Back in 1999 when I first became a Head of 6th Form in a busy London State Comprehensive, the questions from teenagers on Induction Day were always the same. 'How do I manage my workload? I don't have enough time!'
We built an exercise into induction day which included the following:
-How many hours are there in a week?
-Take aways school timetable
-Take away sleep (generous amount for teens!)
-Take away mealtimes
How many do you have left?
They always gasped in amazement at how many hours they had left to do study, as no-one really realises how much time is frittered chatting in corridors and common rooms, or playing computer games, or dating(!) etc.
Then they had to make a choice ratio. Work: Play timetable and stick to it. Many of them found it really helpful, and I recall the results shooting skywards that year as they worked during their schedules, and we rewarded them with pool tables etc during down time.
We often get lost in time, we are busy but doing what? My students will know when they say 'I didn't have enough time to practice' that my reply is always the same 'Yes, you did, but you prioritised other things'
So how do we improve our time management?
This paragraph is for folk who like colour coding:
Put your calendar into google for a month and colour code it the four quadrant colours. So work for me is blue, home is green, family is yellow, meetings are red etc. Then after a month just scroll through your calendar and see which colour is prevalent! For me, I didn't have enough purple (me time) so there is now a golden hour each day for reading/swimming/gardening.
Time is fleeting, and the conversely beautiful aspect of time management is not that you are trying to grab onto time. You are simply freeing up more time to enjoy experiences, trips, art, museums, sports, whatever you feel important in life, by streamlining the rest of your day/week/month.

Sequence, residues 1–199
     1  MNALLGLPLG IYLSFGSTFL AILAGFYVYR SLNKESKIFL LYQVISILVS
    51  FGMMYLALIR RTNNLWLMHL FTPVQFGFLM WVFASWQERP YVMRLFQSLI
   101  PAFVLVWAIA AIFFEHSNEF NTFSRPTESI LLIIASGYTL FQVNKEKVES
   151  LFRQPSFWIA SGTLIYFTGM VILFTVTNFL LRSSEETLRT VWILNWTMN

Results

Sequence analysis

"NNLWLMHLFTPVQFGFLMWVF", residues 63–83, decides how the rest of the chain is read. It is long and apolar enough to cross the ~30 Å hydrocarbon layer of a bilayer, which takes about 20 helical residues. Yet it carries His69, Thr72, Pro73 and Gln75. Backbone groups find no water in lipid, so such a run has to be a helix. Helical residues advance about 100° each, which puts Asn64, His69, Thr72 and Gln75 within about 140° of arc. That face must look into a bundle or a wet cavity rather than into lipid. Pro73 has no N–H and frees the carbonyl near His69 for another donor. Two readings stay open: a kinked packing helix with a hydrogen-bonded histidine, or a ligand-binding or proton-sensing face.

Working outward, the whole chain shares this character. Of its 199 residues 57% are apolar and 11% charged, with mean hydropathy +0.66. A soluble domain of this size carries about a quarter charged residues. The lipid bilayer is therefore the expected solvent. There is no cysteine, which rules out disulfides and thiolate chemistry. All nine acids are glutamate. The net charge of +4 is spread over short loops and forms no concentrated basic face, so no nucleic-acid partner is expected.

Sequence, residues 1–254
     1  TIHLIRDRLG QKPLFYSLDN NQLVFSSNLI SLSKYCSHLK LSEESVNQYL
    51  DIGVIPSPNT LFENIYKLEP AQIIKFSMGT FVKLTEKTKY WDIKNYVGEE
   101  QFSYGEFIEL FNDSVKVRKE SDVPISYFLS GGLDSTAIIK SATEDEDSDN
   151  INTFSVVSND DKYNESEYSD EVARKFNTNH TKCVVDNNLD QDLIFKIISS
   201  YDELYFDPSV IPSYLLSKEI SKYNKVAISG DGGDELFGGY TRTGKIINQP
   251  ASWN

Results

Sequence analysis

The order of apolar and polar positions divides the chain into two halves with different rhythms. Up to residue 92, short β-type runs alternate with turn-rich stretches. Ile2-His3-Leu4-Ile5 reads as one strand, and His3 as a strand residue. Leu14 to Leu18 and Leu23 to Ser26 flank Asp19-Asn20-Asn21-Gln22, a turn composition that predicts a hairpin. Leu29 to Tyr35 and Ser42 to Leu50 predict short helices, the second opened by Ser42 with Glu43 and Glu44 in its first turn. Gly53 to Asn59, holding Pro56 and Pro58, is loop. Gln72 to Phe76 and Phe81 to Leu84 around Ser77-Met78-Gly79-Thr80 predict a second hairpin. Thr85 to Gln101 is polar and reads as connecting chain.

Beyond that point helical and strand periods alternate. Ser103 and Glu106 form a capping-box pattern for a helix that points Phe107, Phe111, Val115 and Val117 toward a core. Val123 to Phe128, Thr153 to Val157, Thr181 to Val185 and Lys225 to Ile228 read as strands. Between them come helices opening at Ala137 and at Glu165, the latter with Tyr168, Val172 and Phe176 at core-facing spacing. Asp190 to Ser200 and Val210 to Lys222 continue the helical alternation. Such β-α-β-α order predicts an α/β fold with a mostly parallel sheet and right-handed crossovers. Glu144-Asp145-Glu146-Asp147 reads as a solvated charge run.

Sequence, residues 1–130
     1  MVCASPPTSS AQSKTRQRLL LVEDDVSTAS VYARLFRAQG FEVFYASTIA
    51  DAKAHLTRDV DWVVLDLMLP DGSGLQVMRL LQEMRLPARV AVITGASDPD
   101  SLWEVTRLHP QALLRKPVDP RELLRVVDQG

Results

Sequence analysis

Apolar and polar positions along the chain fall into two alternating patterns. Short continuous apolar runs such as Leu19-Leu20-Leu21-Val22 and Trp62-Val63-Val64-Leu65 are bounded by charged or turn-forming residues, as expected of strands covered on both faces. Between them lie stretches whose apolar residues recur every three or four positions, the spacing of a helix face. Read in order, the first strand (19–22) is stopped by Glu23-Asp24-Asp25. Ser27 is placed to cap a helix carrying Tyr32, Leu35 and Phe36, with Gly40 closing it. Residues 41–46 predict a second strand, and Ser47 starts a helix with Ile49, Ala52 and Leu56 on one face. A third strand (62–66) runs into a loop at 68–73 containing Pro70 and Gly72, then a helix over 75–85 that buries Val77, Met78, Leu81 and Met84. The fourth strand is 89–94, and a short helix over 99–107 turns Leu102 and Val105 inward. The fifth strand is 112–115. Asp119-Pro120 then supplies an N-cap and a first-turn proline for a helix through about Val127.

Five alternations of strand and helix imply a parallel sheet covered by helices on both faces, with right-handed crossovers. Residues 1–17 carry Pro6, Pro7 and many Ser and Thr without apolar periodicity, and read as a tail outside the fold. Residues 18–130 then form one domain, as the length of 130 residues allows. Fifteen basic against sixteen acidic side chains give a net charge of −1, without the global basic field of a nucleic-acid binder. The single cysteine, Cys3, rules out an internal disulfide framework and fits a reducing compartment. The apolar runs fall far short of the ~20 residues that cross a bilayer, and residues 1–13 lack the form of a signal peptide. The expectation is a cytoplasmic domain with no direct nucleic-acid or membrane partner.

For my students, particularly the teens, I understand they can't do hours and hours of practice. It is the management and structure of a ten minute window that is important- practice technique will be covered in a future blog.
So prioritise those you love and streamline the other bits, and you will find there is actually plenty of time.
See you later at your allotted time!
'Time isn't the main thing. It's the only thing' - Miles Davis (musical time!)
'If you don't make the time to work on creating the life you want, you're eventually going to be forced to speak a LOT of time dealing with a life you don't want' - Kevin Ngo
'The two most powerful warriors are Patience and Time'- Leo Tolstoy
Being a parent doesn't mean we all understand immediately how to steer our kids, or indeed ourselves, through the next twenty-odd years.
As a mother to two twenty-somethings, I am now looking back with some regrets and some pride, but we do all share something in common; the predisposition to blame ourselves for failure more than take pride in their achievements.
That said, the thorny world of parental etiquette is vast and varied.
Football parents and required to stand at the touchline in all weathers, I was a kayak mum so used to have to walk along the Thames riverbank, scanning the stormy horizon for small daughter, who invariably was at the very end of the line, staring into space and forgetting to paddle. The etiquette there involved cooking lunch for all the other parents every few weeks.
We have Ballet parents, Brownie Parents, D of E parents, Cricket parents, Tennis parents. Each of the clubs has a slightly different set of unwritten rules, that we gradually notice, or are told about. In my slightly oddball world, someone would have to explain clearly to me what the expectations were, otherwise I simply wouldn't pick the hints up at all.